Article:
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85.4 million Mothers are waiting to hear from you

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image Just a reminder: Mother’s Day is Sunday, May 13. Mitch Traphagen Photos

It is the thought that counts...

By Mitch Traphagen

According to the U.S. Census Bureau, there are 85.4 million mothers living in the United States. Chances are, one of them is yours and she’s waiting to hear from you. Sunday, May 13, is Mother’s Day.

Fortunately for the children of all those mothers, the Census Bureau also provides a possible Mother’s Day gift buying solution — the continually-counting numbers organization also states that there are 17,124 florist establishments nationwide. Additionally, 11,044 Americans are busy working at the nation’s 99 greeting card businesses to have enough Mother’s Day cards to go with the flowers. Are you thinking bigger?  Not to worry, there are 24,973 jewelry stores in the U.S.

While the importance of Mother’s Day remains eternal, motherhood itself has changed over the years. Today, 10 million moms are single, compared to 3.4 million in 1970. Nearly 55 percent of mothers who gave birth in 2010 are currently in the labor force, which is down slightly from 57 percent in 2008. And speaking of new mothers, there are four million women who gave birth in the last 12 months producing 4.13 million children. In 2008, the average age for a first birth was 25.1 years old. Nearly 410,000 children were born to teenage mothers.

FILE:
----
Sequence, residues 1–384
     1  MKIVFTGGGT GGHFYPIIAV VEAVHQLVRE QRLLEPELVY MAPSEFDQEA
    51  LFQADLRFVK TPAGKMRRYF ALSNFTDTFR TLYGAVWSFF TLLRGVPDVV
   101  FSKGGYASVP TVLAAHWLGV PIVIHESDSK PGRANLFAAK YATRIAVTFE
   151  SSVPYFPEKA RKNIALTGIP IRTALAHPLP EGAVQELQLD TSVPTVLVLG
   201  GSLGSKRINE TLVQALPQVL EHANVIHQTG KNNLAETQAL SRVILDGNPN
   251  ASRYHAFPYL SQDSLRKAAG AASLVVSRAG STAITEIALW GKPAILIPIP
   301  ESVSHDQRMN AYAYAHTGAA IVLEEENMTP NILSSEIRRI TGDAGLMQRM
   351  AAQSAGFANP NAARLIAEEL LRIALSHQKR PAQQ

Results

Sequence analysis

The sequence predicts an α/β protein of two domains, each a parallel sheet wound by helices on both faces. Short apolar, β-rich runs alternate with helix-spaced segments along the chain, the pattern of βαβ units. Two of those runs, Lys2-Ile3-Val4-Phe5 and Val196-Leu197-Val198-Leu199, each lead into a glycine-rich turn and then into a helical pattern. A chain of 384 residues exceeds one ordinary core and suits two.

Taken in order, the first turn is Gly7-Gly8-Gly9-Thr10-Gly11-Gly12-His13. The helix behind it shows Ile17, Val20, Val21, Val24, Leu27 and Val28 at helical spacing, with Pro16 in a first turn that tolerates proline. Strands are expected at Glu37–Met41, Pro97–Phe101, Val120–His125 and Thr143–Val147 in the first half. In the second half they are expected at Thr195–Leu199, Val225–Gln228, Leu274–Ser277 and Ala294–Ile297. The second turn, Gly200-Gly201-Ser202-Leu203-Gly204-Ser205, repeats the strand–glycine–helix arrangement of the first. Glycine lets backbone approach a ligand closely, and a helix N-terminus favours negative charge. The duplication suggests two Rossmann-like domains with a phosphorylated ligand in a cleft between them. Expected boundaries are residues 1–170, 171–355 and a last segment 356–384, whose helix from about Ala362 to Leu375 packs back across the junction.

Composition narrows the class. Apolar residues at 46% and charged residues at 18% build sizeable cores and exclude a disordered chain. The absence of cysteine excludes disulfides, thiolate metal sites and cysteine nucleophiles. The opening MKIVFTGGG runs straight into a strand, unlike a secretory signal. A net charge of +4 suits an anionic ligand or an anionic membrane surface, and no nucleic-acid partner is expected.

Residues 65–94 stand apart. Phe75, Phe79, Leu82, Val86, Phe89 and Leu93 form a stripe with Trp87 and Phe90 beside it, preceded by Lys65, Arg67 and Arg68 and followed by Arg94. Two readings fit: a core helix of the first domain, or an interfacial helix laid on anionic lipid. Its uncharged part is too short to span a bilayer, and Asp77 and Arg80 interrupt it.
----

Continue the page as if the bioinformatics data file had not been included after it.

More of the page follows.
The celebration of mothers and motherhood can be traced back to ancient Roman and Greek traditions and is today celebrated around the world, although on different dates. In most Arab countries, it is celebrated on March 21, from the idea of an Egyptian journalist in 1943.

In the United States, the holiday can technically be traced back to when Julia Ward Howe, social activist and author of the Battle Hymn of the Republic, first issued her Mother’s Day Proclamation in 1870 as a call for women to join in support of disarmament. The idea of a holiday for mothers, however, didn’t take off until Anna Jarvis of West Virginia began promoting it, in her own mother’s memory, as the second Sunday in May in 1908. Jarvis kept promoting it until President Woodrow Wilson made it an official national holiday in 1914. Jarvis passed away in 1948 with regrets over how commercial the holiday had become.

But then again, it is the thought that counts, and Sunday is undeniably the day to be thinking about moms. If a few roses or some diamond earrings accompany the thought, there’s probably no harm in that. Besides, according to author J. Ellsworth Kalas in the book, Preaching the Calendar: Celebrating Holidays and Holy Days, Mother’s Day is behind only Christmas and Easter when it comes to church attendance. The important thing is to celebrate mothers — especially yours.

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